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The Pain and Challenge of Witnessing

Mental health professionals feel the call to engage with migrants.

jos macouzet/Shutterstock
Source: jos macouzet/Shutterstock

Over the past two years, advocates have been fighting the U.S. government’s Zero Tolerance policies of separating and detaining migrant children on the Southern border, and mostly losing the battle. What are mental health professionals doing and thinking about this crisis?

We learned something about this question this summer at a panel in San Francisco, at the American Psychiatric Association’s annual meeting, which brought together researchers, clinicians, and advocates.

At the panel, Maria Baez, a child psychiatrist at Bellevue Hospital in New York who is originally from Colombia, discussed her work in centers that provide care to children detained on the border and who are now being held in foster care. She spoke about how the children she treats are resilient and brave in the face of punishing hardships and uncertain futures. But she also fears that “many of the children will never be reunited with anyone.”

The social work researcher, Dr. Luis Zayas of the University of Texas at Austin, author of Forgotten Citizens (2015), conducts research and advocacy related to children in detention. He shared children’s drawings of scary men with machine guns and cigarettes, the ones who made them flee and seek asylum. He showed a video of a young boy who, upon reuniting with his mother, would not let her hug him and avoided her touch. “Look at what the trauma has done to him,” cries the mother in the video.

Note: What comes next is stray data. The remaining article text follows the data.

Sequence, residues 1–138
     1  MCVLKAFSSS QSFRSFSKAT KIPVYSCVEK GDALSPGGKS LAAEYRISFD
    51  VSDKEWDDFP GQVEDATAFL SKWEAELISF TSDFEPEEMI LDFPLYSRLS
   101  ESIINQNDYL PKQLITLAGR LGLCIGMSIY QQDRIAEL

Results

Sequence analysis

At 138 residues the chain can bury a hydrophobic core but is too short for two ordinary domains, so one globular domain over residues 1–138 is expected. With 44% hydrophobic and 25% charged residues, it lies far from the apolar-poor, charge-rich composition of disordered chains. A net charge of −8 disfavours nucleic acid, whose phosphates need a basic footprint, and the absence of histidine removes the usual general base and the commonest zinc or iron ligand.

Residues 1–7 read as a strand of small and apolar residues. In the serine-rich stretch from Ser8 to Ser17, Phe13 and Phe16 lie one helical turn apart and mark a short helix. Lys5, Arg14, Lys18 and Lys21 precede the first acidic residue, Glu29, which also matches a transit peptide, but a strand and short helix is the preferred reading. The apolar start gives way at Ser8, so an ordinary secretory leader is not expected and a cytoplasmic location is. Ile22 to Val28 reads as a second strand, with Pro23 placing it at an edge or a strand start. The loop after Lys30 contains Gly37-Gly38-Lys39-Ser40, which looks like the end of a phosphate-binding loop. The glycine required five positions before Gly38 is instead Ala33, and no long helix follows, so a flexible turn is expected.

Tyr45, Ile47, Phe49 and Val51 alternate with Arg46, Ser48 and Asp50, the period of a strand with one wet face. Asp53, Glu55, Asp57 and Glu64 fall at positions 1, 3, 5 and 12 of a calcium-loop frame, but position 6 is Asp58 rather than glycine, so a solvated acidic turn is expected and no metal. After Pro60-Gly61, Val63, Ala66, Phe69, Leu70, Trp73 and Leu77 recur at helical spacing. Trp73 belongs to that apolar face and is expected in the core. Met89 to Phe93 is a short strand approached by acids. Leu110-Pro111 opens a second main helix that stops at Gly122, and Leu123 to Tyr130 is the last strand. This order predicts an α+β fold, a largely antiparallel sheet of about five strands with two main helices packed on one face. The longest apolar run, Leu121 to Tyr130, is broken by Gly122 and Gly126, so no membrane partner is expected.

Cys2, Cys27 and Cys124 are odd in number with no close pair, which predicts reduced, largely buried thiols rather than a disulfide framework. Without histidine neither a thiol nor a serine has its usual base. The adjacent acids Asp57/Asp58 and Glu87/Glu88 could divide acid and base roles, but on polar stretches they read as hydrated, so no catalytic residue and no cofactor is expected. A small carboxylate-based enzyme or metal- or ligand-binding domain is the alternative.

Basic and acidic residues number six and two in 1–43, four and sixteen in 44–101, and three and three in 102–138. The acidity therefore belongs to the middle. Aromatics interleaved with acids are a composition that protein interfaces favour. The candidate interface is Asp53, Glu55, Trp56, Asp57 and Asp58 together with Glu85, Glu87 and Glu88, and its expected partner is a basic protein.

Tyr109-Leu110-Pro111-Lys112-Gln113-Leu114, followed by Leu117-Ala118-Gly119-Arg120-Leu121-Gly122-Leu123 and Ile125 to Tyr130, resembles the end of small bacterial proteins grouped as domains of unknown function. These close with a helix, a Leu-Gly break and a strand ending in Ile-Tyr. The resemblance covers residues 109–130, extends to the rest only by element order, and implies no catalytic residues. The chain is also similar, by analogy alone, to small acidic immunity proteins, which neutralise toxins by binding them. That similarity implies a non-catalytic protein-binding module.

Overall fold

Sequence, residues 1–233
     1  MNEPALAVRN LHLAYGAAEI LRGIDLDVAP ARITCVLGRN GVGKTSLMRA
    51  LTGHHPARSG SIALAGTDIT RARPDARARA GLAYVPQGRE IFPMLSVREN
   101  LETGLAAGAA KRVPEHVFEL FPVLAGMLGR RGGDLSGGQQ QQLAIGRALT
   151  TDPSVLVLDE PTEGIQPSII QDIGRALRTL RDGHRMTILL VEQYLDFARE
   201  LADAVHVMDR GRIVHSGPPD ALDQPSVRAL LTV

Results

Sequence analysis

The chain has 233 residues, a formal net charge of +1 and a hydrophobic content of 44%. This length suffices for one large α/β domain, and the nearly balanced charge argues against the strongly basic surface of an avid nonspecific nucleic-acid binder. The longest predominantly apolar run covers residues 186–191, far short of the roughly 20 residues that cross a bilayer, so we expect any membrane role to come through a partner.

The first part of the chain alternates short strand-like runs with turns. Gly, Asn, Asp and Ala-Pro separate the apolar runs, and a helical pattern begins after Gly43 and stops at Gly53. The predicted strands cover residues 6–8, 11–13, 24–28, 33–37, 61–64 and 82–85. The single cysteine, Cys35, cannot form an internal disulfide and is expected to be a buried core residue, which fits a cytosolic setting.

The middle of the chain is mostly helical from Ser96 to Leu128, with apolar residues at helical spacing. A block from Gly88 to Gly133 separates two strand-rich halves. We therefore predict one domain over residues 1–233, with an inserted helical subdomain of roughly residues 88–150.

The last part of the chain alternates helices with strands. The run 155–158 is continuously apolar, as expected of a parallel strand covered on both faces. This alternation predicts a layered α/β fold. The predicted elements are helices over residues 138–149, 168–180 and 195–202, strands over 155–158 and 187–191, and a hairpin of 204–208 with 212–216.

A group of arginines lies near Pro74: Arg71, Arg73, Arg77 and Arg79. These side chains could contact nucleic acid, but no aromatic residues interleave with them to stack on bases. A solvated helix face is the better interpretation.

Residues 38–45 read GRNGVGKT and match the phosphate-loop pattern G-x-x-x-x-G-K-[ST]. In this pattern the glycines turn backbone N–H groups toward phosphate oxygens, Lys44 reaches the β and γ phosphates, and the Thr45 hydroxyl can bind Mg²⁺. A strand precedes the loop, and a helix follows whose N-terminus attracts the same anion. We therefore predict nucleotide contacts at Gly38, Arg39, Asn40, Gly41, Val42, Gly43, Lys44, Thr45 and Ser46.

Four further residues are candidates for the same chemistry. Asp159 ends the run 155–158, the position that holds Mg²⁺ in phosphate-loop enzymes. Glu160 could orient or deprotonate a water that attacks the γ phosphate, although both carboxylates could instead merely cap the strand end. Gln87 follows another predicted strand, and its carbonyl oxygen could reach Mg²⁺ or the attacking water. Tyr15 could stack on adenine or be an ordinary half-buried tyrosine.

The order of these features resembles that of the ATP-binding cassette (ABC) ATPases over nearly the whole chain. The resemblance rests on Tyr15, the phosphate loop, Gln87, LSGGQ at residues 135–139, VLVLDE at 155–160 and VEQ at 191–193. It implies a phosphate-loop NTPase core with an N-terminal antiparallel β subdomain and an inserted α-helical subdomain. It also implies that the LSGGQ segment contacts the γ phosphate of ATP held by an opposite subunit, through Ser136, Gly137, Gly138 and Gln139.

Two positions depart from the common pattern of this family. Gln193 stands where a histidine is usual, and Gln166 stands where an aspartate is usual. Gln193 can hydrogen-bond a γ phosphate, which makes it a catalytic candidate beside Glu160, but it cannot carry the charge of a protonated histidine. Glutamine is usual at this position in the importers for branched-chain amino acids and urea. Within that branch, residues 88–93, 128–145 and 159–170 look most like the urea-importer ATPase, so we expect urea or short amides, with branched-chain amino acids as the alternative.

Schuyler Henderson, a child psychiatrist at Bellevue, and I detailed how leading mental health and health professionals spoke out against these policies. Dr. Colleen Craft, the President of the American Academy of Pediatrics, said that the policy stripping children from their parents “amounts to child abuse.” Commander Jonathan White of the U.S. Public Health Service Commissioned Corps testified before the U.S. Senate that he had warned the White House that “separation of children from their parents entails significant harm to children” including “traumatic psychological injury.” We discussed how their protests had little impact and rendered us passive.

We expected this panel to generate a vigorous discussion about clinical dilemmas in treating child migrants and about advocacy challenges and strategies. We were less prepared for the many personal and emotionally intense responses of audience members who were largely mental health professionals.

One listener, a psychiatrist from Mexico, shared a traumatic story of being detained for days by U.S. authorities at the border. “If a professional like me has such difficulties then what will happen with these innocent children?”

Another psychiatrist said, “All I feel is rage. Incredible rage. But I don’t know what to do with that rage, so I try to keep it down.”

Another responded viscerally, saying “What we hear today in these presentations reminds me of Nazi Germany. I am sickened.”

It is not as if we are not used to hearing hard stories. As psychiatrists and other mental health professionals, we listen to stories every day. How many trauma stories do we hear, of how many endangered, injured, damaged, frightened, lost and crying people? And more than a few of us are migrants or first or second generation Americans.